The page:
Category: GMing Advice

GMingAdvice012

Today’s guest article was written by Will Jobst. Find him @dm_ilf and at www.willjobst.wordpress.com, before he finds you. Hurry. Oh God, I hear him. Will is based in Boston, MA. This is his second guest article; his first was Blank Check GMing. Thanks, Will! –Martin D&D provides a state-of-the-art power fantasy, but all GMs can do is neuter their players. Gross. Don’t neuter your players, let them be super badass! Let them describe killing blows, feats of athletics, and their guile and charm. Let them […]

GMingAdvice012

Assume that you are invited to join a Star Wars campaign (RPG system doesn’t matter for this exercise). As you sit down, the GM mentions that the first movie (Star Wars IV: A New Hope) is the only canonical source. The GM then informs you that the campaign starts a few months after the destruction of the Death Star. The galaxy is plunged into chaos as the Rebel Alliance discovered that Grand Moff Tarkin had been head of a military coup that had been manipulating […]

GMingAdvice012

Recently I went to a Project Management conference and sat in on a great session about how Disney creates their customer experience for their customers. While taking notes for things I need to bring back to my office, I realized that creating an enjoyable experience is one of the responsibilities (though not the sole job, nor sole responsibility) of the Game Master. At that moment, the seminar became doubly valuable, as I knew that I would also be taking what I learned to the gaming […]

quillpen_small

In high school and college, I wanted to learn how to draw like Walter Simonson.  He was one of the most influential comic book artists of the 80’s, and continues to draw to this day.  In an interview or on a letters page, he revealed that he did all of his inking using a Hunt 107 ink nib.  These are those little metal tips that artists use to ink cartoons and comics; the descendants of the quill pen. However, owning the same pen as Walt […]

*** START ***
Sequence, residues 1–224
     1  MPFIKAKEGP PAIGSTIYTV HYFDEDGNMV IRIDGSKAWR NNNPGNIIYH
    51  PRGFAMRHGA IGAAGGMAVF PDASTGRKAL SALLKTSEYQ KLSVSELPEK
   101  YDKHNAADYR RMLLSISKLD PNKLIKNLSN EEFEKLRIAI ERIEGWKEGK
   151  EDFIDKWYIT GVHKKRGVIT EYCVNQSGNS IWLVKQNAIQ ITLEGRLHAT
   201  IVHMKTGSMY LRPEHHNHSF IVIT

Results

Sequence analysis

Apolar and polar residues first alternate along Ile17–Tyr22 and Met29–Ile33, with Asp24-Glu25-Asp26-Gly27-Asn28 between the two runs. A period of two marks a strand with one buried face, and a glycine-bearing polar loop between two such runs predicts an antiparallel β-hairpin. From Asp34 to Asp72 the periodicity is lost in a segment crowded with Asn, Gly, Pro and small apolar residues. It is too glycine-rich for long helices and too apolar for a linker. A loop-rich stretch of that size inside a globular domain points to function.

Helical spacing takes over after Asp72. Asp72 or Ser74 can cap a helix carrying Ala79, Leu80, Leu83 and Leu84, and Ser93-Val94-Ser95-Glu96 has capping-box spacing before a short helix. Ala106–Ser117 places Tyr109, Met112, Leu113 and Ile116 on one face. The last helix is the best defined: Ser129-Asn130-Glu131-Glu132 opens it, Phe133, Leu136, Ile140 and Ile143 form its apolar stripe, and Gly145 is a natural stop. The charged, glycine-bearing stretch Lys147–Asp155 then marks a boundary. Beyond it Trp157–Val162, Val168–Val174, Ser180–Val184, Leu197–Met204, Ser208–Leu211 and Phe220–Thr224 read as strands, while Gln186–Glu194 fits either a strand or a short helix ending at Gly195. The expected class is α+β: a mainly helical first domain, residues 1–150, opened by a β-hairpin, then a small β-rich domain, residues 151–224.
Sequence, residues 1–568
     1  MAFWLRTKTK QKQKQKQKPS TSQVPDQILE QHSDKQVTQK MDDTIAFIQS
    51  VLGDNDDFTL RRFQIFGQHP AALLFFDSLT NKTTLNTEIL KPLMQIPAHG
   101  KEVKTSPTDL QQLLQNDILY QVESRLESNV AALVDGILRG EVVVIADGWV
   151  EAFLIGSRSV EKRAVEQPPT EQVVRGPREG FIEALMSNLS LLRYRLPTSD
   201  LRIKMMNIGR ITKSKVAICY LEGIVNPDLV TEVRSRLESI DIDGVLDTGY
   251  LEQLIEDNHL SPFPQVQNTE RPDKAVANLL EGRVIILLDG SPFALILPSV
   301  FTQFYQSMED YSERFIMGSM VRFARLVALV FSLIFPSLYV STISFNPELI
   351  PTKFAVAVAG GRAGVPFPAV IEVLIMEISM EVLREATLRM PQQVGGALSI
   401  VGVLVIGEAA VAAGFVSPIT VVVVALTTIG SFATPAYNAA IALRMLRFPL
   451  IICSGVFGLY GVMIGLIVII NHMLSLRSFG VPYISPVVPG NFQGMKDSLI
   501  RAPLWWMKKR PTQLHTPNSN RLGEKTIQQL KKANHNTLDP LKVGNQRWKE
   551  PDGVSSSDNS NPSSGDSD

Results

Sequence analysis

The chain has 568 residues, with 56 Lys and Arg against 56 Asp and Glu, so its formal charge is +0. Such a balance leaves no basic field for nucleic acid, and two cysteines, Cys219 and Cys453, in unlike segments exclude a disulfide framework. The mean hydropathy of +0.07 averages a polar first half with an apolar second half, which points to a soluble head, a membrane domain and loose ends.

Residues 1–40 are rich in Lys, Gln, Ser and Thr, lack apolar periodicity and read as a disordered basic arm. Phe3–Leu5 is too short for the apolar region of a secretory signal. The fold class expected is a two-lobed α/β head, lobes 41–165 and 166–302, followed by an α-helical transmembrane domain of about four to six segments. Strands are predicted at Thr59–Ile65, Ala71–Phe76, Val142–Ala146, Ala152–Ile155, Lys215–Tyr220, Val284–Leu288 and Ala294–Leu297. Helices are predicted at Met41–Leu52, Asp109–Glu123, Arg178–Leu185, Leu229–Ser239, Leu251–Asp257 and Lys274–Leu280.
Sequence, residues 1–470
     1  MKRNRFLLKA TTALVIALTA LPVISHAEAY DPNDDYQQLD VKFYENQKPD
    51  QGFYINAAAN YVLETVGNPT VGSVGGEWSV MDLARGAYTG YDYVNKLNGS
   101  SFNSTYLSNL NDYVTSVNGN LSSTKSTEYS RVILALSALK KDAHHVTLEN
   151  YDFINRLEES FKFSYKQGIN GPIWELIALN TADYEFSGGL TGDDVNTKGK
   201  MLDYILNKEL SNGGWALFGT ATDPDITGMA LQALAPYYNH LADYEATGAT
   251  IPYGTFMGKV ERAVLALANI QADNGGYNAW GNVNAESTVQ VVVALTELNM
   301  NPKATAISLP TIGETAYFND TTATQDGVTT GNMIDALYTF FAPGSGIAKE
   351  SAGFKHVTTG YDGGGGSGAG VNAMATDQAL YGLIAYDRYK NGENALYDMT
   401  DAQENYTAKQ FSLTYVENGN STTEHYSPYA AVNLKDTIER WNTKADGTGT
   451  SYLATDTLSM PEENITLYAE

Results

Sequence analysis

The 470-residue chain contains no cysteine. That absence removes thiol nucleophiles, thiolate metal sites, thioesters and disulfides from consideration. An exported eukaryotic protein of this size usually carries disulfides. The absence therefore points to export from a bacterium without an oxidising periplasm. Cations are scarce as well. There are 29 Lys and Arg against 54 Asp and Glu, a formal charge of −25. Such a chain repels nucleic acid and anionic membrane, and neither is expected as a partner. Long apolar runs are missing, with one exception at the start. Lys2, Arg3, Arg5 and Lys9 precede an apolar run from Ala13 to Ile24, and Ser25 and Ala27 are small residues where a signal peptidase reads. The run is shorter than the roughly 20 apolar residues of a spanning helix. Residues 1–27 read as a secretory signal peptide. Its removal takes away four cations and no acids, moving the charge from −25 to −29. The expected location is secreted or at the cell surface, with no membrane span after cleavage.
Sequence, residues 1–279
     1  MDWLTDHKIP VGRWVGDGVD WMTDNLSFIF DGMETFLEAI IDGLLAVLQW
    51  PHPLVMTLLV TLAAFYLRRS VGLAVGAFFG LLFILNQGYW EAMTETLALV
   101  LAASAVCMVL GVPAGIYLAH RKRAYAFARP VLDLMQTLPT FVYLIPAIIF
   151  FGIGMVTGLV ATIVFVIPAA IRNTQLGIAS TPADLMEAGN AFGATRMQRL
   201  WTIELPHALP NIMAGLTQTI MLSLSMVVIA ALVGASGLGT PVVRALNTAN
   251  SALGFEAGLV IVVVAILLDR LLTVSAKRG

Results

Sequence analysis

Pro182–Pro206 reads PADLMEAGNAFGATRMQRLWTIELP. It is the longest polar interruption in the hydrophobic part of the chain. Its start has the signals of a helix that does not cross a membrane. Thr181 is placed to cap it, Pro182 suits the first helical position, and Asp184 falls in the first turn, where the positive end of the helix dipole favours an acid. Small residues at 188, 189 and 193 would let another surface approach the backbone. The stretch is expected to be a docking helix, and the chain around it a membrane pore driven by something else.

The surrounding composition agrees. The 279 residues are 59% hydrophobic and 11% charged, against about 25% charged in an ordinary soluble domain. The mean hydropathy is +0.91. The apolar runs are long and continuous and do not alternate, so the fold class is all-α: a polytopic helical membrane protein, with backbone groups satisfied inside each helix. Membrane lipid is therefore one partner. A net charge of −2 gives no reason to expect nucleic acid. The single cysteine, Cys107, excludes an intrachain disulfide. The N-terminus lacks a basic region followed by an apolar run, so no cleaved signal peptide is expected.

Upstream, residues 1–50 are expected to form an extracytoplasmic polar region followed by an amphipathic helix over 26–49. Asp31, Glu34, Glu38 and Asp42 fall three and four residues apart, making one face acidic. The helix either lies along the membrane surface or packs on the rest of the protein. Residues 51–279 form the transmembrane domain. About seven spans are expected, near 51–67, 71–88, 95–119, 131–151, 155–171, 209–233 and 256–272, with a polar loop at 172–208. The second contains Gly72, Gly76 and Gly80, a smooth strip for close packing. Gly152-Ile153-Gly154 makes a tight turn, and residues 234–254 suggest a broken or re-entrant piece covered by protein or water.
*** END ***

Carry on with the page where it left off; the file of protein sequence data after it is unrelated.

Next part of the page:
GMingAdvice04

Thanks to Dungeons & Dragons and Tolkien, the fantasy baseline of “demihumans” (as we used to call them back in the day) were dwarves, elves and halflings. You create a fantasy setting, and there is either an expectation or casual acceptance that those three player races are in it. But let’s wipe that board clean. Let’s imagine a new fantasy world. What races could — or should — we include? Now this is one of those nice thought experiments you can do at home with your […]

Déjà Vu can work in a time travel game, but this wasn't how I wanted. (Digging the new Doctor, BTW.)

A couple weekends ago, I volunteered to run a spur of the moment game for some friends. I had Doctor Who: Adventures in Time and Space on hand along with the cast of PCs I had created for conventions and one-shots, so it was easy enough to hand them out and jump right into the game. Being spur of the moment, I didn’t have anything prepped, but I came up with an idea I thought would work. The PCs set about investigating a mystery, got […]

breadcrumbs

  Much like a movie or a novel, a roleplaying adventure depends on the flow of information. A game can grind to a halt when players don’t know where to go or what to do next. If players are exploring or clearing out a dungeon, this may not be a big problem. However, most GM’s will want to run an adventure with more of a plot at some point. Even in a dungeon, you may want to lead up to a big fight at the […]